Charlotte Steeves

Student Speaker | Étudiant.e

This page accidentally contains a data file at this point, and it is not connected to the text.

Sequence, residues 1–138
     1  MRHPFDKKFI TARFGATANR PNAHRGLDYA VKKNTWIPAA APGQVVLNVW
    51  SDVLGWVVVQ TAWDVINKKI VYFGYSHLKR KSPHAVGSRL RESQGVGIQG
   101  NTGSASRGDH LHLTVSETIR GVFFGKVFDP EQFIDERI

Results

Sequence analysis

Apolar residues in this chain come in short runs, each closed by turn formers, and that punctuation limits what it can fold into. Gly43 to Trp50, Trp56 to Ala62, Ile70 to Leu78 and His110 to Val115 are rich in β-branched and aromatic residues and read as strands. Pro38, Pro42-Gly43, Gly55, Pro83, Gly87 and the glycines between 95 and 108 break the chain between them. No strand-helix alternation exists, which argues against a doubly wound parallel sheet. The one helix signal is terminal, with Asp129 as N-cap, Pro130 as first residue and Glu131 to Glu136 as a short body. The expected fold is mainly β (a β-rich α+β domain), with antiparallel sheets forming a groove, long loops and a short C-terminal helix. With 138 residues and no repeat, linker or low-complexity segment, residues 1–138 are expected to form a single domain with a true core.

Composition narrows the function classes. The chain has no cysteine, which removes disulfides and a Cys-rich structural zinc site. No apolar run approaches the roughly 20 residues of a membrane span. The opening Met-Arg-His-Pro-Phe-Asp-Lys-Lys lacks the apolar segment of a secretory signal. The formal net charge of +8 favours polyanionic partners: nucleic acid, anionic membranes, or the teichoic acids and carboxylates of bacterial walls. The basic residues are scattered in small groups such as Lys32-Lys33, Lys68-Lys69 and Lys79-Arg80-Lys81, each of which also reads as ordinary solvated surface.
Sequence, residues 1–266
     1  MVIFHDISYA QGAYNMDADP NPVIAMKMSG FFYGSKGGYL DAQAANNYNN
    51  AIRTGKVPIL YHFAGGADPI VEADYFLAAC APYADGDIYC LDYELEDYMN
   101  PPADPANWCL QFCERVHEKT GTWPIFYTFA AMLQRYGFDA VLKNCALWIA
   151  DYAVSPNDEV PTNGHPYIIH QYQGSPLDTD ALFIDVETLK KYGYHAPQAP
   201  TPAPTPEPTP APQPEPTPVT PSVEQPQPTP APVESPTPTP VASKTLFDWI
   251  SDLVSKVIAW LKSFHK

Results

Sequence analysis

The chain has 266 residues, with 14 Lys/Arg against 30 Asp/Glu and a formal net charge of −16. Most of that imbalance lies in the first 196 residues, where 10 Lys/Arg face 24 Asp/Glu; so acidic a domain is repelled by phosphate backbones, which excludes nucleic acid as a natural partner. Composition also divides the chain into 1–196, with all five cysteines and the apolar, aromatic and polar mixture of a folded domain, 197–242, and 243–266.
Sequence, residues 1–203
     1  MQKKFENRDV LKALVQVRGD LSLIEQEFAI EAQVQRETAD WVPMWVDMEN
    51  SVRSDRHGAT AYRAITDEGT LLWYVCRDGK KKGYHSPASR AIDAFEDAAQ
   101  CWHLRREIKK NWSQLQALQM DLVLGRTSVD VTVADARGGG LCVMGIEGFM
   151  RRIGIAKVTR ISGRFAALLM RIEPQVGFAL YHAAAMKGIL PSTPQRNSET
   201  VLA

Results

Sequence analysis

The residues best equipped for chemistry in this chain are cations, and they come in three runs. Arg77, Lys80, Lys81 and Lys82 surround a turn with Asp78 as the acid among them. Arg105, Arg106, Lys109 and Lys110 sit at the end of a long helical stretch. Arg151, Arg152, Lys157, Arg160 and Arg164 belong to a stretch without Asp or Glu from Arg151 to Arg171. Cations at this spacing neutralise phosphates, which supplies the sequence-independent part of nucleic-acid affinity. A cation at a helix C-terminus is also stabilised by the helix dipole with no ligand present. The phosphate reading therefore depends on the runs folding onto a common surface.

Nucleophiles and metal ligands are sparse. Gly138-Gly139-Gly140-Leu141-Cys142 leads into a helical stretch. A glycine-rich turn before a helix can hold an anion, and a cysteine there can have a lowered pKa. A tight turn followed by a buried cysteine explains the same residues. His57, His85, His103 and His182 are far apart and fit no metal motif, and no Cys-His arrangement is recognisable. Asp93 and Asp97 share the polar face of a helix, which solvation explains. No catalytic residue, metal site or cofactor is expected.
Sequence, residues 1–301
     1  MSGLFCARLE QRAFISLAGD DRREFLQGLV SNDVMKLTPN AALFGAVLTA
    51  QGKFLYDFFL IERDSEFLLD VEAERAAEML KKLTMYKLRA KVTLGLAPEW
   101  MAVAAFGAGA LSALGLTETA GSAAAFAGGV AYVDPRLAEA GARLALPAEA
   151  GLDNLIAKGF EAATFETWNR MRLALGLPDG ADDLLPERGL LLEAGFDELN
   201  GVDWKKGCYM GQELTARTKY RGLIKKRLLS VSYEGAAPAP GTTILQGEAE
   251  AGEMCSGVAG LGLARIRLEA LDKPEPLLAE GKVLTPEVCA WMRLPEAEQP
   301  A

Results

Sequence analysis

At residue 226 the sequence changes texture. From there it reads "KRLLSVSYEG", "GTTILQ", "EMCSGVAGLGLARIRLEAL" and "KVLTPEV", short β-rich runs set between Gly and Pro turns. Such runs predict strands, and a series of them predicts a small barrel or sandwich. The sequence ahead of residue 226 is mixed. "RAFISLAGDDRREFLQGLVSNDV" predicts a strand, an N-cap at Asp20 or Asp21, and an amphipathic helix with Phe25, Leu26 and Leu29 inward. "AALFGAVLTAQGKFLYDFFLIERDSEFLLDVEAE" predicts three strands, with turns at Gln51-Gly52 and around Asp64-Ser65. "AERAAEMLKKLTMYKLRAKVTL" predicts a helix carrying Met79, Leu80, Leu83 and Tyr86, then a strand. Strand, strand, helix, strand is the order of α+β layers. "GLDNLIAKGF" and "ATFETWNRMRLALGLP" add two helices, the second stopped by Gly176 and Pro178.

Prolonged dietary exposure to marine chemical pollution has been cited as an underlying cause of reduced reproductive success and hormone disruption in birds. Seabirds occupy an apex position in the marine food web and are especially susceptible to high toxicant loads in ingested prey throughout their lifespan. Sub-lethal effects of toxicant exposure in seabirds are still relatively understudied and there is a pressing need to better predict changing patterns of accumulation and exposure. The General Seabird Toxicant Model, comprised of a bioenergetic and toxicokinetic sub-model, will integrate life history, environmental, empirical, and mechanistic data from a wide range of sources with the aim of predicting exposure, accumulation, and elimination of hydrophobic pollutants in seabirds. The bioenergetic sub-model estimates dietary exposure and storage of common pollutants with the aim of extrapolating to a wide variety of seabird species. The bioenergetics sub-model integrates life history traits and environmental data as predictors of percent body fat and daily energy requirements in adult seabirds across spatial and temporal variations. The toxicokinetic sub-model estimates chemical uptake, bioaccumulation in adipose tissues, and elimination routes of a selective group of common pollutants, including emergent and legacy pollutants. The model will be initially parameterized using data available in the literature for seabird bioenergetic components and growth, relevant environmental parameters, and chemical concentrations reported in various body tissues from both destructive and non-destructive sampling events.